Sexual-Abuse Mediation Talks Proceeding Slowly
Archdiocese and Plaintiffs' Lawyers to Meet Again Today

By Peter Smith
The Courier-Journal [Louisville KY]
Downloaded June 5, 2003

Representatives of the Archdiocese of Louisville and lawyers for almost 250 plaintiffs continued closed-door mediation yesterday aimed at settling law suits alleging sex ual abuse by priests and others associated with the Roman Catholic Church.

After the archdiocese completed an opening presentation begun Tuesday, a mediator met separately with representatives of the plaintiffs, the archdiocese and the Southern Indiana-based province of Conventual Franciscans, a co-defendant in 19 lawsuits. Talks are scheduled to continue today at the Jefferson Club in downtown Louisville.

The Franciscans also gave an opening presentation yesterday.

Attorney William McMurry, who is negotiating on behalf of 242 plaintiffs, said that the talks are going slowly but that he is optimistic.

McMurry said he has begun to talk with the mediator about dollar figures for a possible financial settlement , but the mediator has not exchanged this information with the other parties yet.

"My expectation is we will begin the process of exchanging offers and counteroffers," he said.

Brian Reynolds, the chancellor and chief administrative officer for the archdiocese, said church officials discussed the archdiocese's current financial situation and about settlements of sex-abuse cases by other dioceses around the country.

The talks are being mediated by Nicholas Politan of New Jersey , a former federal judge .

"Judge Politan is very skilled in assisting all of us in looking at the variety of complex issues," Reynolds said. "But it's important to say this is a very difficult process of analysis of the cases and trying to work towards an appropriate response for all involved. &elipse; But I am in no way discouraged."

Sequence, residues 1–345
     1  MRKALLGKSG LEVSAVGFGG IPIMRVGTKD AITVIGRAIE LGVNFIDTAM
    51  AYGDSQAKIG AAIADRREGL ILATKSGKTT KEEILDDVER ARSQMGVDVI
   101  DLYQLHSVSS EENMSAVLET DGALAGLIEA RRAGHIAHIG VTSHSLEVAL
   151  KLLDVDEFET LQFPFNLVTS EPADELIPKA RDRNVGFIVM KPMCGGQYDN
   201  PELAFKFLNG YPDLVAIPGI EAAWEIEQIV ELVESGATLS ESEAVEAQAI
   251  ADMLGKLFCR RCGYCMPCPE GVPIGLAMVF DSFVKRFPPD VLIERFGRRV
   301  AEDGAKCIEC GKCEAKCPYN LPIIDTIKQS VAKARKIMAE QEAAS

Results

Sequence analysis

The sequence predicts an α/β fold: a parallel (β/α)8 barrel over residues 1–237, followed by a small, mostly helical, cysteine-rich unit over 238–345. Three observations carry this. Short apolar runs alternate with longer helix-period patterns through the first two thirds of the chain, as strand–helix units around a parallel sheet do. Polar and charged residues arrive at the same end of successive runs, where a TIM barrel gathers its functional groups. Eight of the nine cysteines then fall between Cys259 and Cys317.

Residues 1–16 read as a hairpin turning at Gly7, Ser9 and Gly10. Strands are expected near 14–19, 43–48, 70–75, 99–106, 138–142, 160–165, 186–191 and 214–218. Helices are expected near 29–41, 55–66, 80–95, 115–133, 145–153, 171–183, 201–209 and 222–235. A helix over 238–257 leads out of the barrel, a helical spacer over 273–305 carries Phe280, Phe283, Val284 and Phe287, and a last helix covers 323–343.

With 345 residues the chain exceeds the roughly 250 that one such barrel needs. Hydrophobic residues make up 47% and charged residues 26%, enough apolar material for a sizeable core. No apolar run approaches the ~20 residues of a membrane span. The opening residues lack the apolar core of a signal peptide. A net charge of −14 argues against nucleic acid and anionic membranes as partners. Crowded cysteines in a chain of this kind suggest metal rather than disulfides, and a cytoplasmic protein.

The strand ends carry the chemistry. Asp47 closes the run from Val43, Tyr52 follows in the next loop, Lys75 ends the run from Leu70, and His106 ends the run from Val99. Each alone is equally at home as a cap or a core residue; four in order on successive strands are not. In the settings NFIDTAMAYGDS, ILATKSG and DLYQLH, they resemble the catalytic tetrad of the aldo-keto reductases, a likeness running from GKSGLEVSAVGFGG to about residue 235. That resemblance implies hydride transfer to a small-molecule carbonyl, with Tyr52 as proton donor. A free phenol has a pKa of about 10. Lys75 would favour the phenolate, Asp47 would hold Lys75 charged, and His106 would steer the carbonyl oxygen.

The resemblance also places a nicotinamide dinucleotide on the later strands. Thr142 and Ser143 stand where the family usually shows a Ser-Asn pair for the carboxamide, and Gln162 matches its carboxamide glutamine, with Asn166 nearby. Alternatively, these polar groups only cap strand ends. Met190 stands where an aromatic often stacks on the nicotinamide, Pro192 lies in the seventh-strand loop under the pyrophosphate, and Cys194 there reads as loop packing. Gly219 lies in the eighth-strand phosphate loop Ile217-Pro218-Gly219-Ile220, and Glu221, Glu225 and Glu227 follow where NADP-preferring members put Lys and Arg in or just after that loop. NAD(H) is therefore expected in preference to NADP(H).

Neither side would discuss dollar figures.

Six lawsuits against the church have already been settled. One plaintiff opted out of the settlement talks, and a few others filed suit after the deadline for joining the talks.

Another lawsuit was filed against the archdiocese yesterday by Louisville resident Linda Epperson, who says the Rev. Joseph Rives sexually abus ed her in 1962 while she was a student at St. Frances of Rome Church.

Epperson is the third woman to sue accusing Rives, who died in 1971.

In language similar to the other cases against the archdiocese, the lawsuit contends the church knew of abuse by Rives and covered it up, though it does not give evidence of such a cover-up. The archdiocese has denied such accusations in other cases.

But the Epperson case also contends that the Catholic Church's requirement that priests remain celibate is an "ill conceived mandate" and blames it for producing "perversions in sexual behavior" in some priests.

The lawsuit, the 254th filed against the archdiocese since April 2002, claims that since the church requires priests to be celibate, it has a legal duty to make sure its priests are living up to that requirement. Since the crisis of clergy sexual abuse surfaced in the Catholic Church early last year, the possible impact of the church's requirement of clerical celibacy has often been debated.

"It might be time to bring it up and deal with it," said attorney Harry Gregory, who along with attorney Jacqueline Schroering filed Epperson's lawsuit .

Gregory said that the Catholic Church is well within its rights to impose the requirement of celibacy - but that it has a legal "special duty" to enforce the rules it imposes on its priests.

"I don't think there's anything inherent about abstinence and celibacy that breeds perversion, but in certain individuals it does," Gregory said.

Archdiocesan spokeswoman Cecelia Price said she could not comment on pending litigation.

But McMurry, who represents the vast majority of clients in the lawsuits against the archdiocese, raised doubts about the claim, saying it challenges the constitutional separation of church and state.

"I think that it misses the point," he added. "The issue is, will the church police its priests like any corporation polices its employees?"

The Rev. Thomas Reese, editor of the national Catholic magazine America, also questioned the legal argument.

"The overwhelming research indicates that celibacy has nothing to do with pedophilia," he said. "We find all sorts of child abuse in families by married men."


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